Last Monday, the Public Service Commission (PSC) approved the state’s Clean Energy Standard, which requires 50 percent of the state’s electricity to come from renewable energy sources by 2030. Utilities and other energy suppliers will be required to procure and phase in new renewable power resources starting with 26.31 percent of the state’s total electricity load in 2017 and to 30.54 percent of the statewide total in 2021. Under the plan, the state will provide about $500 million per year in subsidies for twelve year for the state’s nuclear reactors.
The PSC estimates that the Clean Energy Standard will increase the average residential customer’s bill by about $2 per month. Large businesses, especially energy-intensive ones, such as manufacturers, will end up paying much larger bills.
Gov. Cuomo described the standard as “the most comprehensive and ambitious clean energy mandate in the state’s history, to fight climate change, reduce harmful air pollution, and ensure a diverse and reliable energy supply.” In a statement, he said:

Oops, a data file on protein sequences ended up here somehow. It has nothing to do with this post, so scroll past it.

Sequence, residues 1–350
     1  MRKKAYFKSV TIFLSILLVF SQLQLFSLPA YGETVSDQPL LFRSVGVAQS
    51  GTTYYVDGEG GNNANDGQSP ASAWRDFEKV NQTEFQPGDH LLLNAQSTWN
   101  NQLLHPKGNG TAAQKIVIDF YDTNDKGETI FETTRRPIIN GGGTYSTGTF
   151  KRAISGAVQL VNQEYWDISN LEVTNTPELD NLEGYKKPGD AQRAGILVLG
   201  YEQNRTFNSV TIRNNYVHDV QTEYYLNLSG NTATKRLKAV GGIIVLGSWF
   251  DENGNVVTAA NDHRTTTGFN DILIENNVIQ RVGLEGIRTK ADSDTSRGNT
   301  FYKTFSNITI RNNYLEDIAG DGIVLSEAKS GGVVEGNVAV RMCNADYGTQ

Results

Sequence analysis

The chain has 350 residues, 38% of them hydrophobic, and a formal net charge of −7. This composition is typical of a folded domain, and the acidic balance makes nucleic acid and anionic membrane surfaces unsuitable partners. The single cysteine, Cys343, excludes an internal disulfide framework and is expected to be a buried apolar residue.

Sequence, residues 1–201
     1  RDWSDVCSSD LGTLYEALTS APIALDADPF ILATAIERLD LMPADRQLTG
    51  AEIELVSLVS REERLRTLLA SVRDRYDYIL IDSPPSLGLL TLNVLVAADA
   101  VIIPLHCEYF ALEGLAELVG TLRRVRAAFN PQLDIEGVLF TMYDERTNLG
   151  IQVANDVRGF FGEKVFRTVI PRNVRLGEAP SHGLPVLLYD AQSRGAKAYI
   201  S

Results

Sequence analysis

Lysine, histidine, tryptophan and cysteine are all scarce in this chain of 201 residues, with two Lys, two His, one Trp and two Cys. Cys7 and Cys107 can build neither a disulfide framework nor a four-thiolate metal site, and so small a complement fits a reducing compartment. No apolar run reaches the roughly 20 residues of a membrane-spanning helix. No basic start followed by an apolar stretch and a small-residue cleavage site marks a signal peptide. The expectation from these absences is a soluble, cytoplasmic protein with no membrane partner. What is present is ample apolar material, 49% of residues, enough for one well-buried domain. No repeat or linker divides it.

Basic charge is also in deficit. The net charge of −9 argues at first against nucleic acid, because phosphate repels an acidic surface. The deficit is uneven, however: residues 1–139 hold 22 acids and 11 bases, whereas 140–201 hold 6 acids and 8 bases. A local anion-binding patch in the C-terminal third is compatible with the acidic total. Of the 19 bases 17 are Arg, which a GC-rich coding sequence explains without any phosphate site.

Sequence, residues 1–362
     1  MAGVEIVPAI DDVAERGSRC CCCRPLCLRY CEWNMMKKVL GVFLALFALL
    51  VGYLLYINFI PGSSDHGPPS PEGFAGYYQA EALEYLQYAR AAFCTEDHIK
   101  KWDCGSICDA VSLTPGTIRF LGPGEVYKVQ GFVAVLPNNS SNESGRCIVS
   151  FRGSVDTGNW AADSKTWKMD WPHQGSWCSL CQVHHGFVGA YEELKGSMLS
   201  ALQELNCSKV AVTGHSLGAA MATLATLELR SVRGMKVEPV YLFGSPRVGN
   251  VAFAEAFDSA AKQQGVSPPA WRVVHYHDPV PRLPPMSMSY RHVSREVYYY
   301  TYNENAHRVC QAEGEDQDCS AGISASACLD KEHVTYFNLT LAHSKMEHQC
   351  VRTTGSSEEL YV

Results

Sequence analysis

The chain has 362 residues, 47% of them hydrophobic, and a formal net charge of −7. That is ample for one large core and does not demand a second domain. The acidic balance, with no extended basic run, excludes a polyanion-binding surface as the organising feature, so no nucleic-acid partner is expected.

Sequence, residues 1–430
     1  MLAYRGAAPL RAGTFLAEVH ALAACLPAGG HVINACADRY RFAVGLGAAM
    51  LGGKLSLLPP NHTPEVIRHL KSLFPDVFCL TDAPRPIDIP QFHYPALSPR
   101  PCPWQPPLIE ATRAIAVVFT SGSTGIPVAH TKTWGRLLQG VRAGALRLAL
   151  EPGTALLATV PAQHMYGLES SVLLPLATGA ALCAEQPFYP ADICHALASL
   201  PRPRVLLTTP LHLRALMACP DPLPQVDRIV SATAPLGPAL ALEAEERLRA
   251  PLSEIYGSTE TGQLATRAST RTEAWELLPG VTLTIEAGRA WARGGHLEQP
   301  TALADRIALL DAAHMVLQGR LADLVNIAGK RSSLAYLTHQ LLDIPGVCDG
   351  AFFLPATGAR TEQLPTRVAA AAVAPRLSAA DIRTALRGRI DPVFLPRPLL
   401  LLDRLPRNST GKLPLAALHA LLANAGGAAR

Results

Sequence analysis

“New York has taken bold action to become a national leader in the clean energy economy and is taking concrete, cost-effective steps today to safeguard this state’s environment for decades to come. This Clean Energy Standard shows you can generate the power necessary for supporting the modern economy while combatting climate change. Make no mistake, this is a very real threat that continues to grow by the day and I urge all other states to join us in this fight for our very future.”
Environmental groups praised the PSC’s action, because it imposes mandates for electricity generators. The state’s Business Council criticized the PSC’s actions, saying that it failed to “properly evaluate the significant costs associated with the Clean Energy Standard.” The group says that this will cost energy ratepayers billions of dollars, and will put manufacturing jobs and jobs in other energy-intensive sectors in jeopardy.